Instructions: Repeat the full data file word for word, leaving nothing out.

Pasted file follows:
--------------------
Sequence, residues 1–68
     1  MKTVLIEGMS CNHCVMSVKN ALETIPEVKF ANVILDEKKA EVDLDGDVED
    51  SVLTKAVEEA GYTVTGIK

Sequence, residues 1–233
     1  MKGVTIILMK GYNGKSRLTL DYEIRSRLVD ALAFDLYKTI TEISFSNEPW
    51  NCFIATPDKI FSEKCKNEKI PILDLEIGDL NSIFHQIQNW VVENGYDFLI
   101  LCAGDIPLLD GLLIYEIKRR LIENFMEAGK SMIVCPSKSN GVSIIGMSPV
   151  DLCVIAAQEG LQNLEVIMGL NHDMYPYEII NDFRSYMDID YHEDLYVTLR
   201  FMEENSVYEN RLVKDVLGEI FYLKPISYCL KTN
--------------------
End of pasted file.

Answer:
Sequence, residues 1–68
     1  MKTVLIEGMS CNHCVMSVKN ALETIPEVKF ANVILDEKKA EVDLDGDVED
    51  SVLTKAVEEA GYTVTGIK

Sequence, residues 1–233
     1  MKGVTIILMK GYNGKSRLTL DYEIRSRLVD ALAFDLYKTI TEISFSNEPW
    51  NCFIATPDKI FSEKCKNEKI PILDLEIGDL NSIFHQIQNW VVENGYDFLI
   101  LCAGDIPLLD GLLIYEIKRR LIENFMEAGK SMIVCPSKSN GVSIIGMSPV
   151  DLCVIAAQEG LQNLEVIMGL NHDMYPYEII NDFRSYMDID YHEDLYVTLR
   201  FMEENSVYEN RLVKDVLGEI FYLKPISYCL KTN